Amaltheus gibbosus (SCHLOTHEIM 1820), max. width 9 cm, remnanst of wrinkle layer marked

Amaltheus gibbosus (SCHLOTHEIM 1820), max. width 9 cm, remnants of wrinkle layer marked

What would the second one that I had broken in two during my splitting attempt be ?
I quickly glued back together the pieces…
Preparation was not easy, it is never with spiny specimen. Luckily the matrix  was just soft enough so I could air abrade the inner whorl and the keel with high pressure, revealing this second, even nicer specimen of Amaltheus gibbosus.
Amaltheus gibbosus (SCHLOTHEIM 1820), Hawsker Bottoms, 6 cm diameter

Amaltheus gibbosus (SCHLOTHEIM 1820), Hawsker Bottoms, 6 cm diameter

There was something else about this rock that I somehow remembered from an earlier find : The matrix is oolitic, i.e. there are many small calcareous, sphaerical grains made up of thin concentric layers embedded in the rock, characteristic for some of the ironstone seams on the coast, in this case I think it must be the Raisdale seam.
I knew I had seen this before on the underside of an Amaltheus fragment that I had found at Staithes in 1994 and labeled as Amaltheus margaritatus. When I looked at it again in the drawer now, I realized it is also an Amatheus gibbosus, the spiny inner whorls had just been badly eroded which had made recognition difficult ! I  must have subconciously known it was something special though, since I held on to it for such a long time even though it´s just a fragment…
Amaltheus gibbosus (SCHLOTHEIM 1820), Staithes, width of fragment 5 cm

Amaltheus gibbosus (SCHLOTHEIM 1820), Staithes, width of fragment 5 cm

These 3 specimen really show that you learn so much more when you try to find an ammonite species yourself : First of all PATIENCE but secondly a lot more about the lithology of the beds you´re likely to find the ammonite in…

And then there´s the story behind the find, the memories and the “relationship” (I put this in quotes – it somehow sounds so nerdy) you build up when prepping the fossil.

I´m sure both Mike Marshall and Mike Forster did have the same sort of feelings when finding and prepping the fossils they´ve sold to me, since it shows in the quality of their prepwork. But this does not translate in any other way – memories can´t be sold – that´s why finding the fossil yourself is best, you just look at it differently, because you know it´s history from  when it just was a pebble on the beach to the final state when you put it in your drawer or display (or your blog…).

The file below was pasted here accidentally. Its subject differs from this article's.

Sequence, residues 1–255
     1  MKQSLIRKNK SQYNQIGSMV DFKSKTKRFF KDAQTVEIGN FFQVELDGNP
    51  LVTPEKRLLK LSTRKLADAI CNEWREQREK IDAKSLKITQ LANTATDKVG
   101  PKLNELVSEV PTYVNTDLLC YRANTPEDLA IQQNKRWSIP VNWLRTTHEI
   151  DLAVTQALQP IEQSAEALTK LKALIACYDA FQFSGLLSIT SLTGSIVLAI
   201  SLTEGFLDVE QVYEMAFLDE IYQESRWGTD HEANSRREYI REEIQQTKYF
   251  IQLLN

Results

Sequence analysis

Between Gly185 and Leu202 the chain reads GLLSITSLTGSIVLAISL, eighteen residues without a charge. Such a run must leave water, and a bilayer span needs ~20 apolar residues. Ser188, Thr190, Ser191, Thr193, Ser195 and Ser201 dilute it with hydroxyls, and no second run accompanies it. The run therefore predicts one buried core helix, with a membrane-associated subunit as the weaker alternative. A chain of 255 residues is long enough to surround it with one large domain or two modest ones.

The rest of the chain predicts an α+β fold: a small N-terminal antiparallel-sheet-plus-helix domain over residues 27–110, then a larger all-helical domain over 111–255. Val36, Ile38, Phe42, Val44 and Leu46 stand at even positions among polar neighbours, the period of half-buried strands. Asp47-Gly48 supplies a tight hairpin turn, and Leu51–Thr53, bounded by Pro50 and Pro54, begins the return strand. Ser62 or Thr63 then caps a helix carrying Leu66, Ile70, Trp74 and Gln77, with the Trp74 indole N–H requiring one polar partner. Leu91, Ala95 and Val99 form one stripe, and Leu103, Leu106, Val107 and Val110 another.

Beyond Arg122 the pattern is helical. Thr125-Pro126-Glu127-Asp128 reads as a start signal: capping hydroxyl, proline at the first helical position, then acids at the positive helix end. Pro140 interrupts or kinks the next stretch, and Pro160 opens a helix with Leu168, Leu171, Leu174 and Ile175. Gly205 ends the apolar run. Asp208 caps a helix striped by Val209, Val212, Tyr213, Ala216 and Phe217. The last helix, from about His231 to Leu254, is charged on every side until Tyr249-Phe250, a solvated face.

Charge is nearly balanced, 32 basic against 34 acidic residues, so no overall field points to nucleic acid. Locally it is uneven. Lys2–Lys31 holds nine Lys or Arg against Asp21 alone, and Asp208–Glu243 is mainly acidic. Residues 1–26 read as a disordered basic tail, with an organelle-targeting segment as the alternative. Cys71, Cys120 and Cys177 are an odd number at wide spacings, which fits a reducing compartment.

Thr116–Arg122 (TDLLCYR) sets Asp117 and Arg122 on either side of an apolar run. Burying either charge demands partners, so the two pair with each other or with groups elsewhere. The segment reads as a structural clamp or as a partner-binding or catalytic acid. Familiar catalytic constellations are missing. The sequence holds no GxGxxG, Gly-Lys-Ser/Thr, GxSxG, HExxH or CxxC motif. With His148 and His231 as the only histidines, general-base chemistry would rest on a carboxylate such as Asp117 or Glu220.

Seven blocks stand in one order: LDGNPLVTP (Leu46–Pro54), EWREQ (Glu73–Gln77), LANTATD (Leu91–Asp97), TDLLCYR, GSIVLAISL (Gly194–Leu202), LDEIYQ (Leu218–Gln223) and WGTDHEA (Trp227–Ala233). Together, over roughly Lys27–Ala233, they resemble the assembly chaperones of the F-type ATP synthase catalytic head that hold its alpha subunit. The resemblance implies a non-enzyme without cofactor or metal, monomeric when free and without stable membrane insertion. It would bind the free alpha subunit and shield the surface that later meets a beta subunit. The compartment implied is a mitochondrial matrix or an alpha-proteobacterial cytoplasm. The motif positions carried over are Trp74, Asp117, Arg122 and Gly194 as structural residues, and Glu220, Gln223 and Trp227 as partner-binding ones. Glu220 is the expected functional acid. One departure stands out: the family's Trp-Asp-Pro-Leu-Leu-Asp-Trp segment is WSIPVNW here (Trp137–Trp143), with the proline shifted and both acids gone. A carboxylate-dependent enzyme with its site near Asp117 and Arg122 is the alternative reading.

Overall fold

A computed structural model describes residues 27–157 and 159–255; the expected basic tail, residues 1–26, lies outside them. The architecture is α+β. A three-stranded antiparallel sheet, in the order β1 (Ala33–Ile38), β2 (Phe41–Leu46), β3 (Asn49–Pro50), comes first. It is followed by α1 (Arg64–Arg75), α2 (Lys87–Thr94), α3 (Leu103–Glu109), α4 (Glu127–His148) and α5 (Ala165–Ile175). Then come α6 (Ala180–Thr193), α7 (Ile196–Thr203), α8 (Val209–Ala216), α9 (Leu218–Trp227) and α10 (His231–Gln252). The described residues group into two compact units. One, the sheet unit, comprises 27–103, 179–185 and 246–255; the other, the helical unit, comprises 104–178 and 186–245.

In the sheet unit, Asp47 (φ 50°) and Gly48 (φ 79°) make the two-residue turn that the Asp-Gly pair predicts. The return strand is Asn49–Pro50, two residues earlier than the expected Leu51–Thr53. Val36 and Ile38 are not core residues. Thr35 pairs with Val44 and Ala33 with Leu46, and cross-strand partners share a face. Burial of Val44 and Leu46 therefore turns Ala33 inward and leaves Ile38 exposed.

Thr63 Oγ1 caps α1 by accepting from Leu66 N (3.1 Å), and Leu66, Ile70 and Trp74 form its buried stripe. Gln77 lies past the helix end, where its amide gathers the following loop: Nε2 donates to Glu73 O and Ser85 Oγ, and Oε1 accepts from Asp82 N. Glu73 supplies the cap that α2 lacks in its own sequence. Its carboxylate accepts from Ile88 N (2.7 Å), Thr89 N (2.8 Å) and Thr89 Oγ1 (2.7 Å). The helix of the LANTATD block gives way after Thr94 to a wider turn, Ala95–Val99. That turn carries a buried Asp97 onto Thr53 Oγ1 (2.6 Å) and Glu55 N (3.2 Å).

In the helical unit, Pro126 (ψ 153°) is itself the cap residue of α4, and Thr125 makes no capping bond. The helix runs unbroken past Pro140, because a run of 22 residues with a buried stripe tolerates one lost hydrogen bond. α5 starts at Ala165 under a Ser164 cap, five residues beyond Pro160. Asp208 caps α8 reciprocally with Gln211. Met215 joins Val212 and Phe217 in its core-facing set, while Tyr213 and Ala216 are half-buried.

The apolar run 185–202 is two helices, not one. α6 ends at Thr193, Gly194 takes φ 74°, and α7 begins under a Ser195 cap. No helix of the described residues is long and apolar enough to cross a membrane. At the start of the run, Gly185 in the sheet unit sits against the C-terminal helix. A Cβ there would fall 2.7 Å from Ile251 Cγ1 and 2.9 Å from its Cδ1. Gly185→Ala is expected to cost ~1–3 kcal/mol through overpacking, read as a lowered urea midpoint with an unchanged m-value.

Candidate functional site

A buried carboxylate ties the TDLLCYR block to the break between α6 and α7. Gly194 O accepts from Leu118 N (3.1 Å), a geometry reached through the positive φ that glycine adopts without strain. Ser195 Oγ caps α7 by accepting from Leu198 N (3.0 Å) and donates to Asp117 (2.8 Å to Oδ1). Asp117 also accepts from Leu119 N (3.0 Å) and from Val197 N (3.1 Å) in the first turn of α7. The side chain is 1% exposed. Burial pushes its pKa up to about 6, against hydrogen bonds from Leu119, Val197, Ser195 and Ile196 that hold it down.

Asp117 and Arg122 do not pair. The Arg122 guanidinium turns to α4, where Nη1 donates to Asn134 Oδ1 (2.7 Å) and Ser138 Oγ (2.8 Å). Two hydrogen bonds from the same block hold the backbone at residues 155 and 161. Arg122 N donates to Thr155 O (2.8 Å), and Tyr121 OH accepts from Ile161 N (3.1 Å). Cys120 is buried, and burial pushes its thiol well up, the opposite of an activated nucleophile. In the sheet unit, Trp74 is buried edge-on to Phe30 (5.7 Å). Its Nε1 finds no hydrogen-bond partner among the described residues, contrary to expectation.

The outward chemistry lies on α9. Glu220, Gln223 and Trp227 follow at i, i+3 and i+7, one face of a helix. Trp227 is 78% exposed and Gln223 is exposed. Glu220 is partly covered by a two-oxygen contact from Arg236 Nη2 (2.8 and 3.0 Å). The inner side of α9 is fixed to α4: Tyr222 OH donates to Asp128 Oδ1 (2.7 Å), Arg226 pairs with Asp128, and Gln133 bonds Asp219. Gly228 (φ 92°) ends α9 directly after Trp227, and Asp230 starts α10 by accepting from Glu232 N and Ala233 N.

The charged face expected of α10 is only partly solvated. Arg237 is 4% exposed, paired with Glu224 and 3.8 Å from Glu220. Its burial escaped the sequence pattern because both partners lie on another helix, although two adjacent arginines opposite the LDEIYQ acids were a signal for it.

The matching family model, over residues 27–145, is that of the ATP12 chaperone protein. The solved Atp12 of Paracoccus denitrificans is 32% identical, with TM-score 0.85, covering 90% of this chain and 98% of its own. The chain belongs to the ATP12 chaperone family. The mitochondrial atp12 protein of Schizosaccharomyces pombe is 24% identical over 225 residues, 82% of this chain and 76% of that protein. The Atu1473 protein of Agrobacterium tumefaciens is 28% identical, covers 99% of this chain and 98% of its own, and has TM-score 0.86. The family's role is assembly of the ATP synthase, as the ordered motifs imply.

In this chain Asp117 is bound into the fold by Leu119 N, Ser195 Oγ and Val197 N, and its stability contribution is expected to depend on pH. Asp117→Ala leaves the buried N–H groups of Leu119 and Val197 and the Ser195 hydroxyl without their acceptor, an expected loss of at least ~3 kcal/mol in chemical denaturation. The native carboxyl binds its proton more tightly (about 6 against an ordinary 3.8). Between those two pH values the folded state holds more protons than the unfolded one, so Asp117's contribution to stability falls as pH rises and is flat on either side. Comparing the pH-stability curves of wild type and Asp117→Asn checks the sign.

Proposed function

AndyS

No new species this time or Ammonite pathologies

Dactylioceras semipolitum, 6 cm, showing both sides

Hildoceras semipolitum, 6 cm, showing both sides

From time to time you might come across ammonites that look like a known species but then again they are different.
Just like the above ammonite. I had been looking at it when I was selecting the ammonites for one of the previous posts (it´s a Hildoceras semipolitum),
but something just wasn´t right :
It has a steep smooth (apart from growth lines) umbilical wall with a sharply angled edge. The ammonite is like that as far as one can see down the umbilicus.
I was looking through my books to see what it could be – H. semipolitum does not have such a sharply angled umbilical edge – until I realized it is “just” a pathology
when I turned the ammonite to the other side : There it´s just like a normal H. semipolitum should be.
Some pathologies are just like that, only a small change, a missing rib, a slight change in ribbing pattern on the body chamber, a healed fracture etc, but overall the species is still recogizable. For others the change is more drastic: a missing keel, a complete change in ribbing pattern starting very early in the shell, a completely asymmetric shell etc. leading authors in previous centuries to create new species for them, examples are Hildoceras walcotti, Monestieria errata .
"Monestieria errata", 4 cm, a Cleviceras sp. forma aegra circumdata

“Monestieria errata”, 4 cm, a Cleviceras sp. forma aegra circumdata HÖLDER 1956

Complete loss of keel or any other structural elements on the keel.

Today it is generally being recognized that these changes in the ammonite shell might have been caused by predators, parasites, diseases or interaction with other
hard-ground settling organisms like bivalves or tube worms and have set up so called “forma aegra” or “sick form” types, describing the pathologies as what they are.
“Sick” forms sometimes offer interesting glimpses into how ammonite shell growth worked and how amazingly adaptable these animals really were.
We may never fully know what caused them in all cases , only where an external cause like a settling oyster, is still preserved with the ammonite, the cause becomes obvious.
Androgynoceras lataecosta with "hook", overgrown bivalve or worm,  6 cm

Androgynoceras lataecosta with “hook”, overgrown bivalve or worm, 6 cm

A relatively common pathology : A bivalve or worm settled on the shell and was overgrown by the ammonite – a typical “bend” is created.

I´d like to show some that I have accumulated over the years, either found myself or bought from known fossil dealers.
They do represent only a portion of the described pathology types, I may add additional ones when I should find them…

forma aegra juxtacarinata HÖLDER 1956

Asteroceras sp. forma aegra juxtacarinata, cast, 5 cm

Asteroceras sp. forma aegra juxtacarinata, cast, 5 cm

Keel drawn out and relocated to the flank – it seems like the keel producing tissue was stretched to the flank and produced the keel there.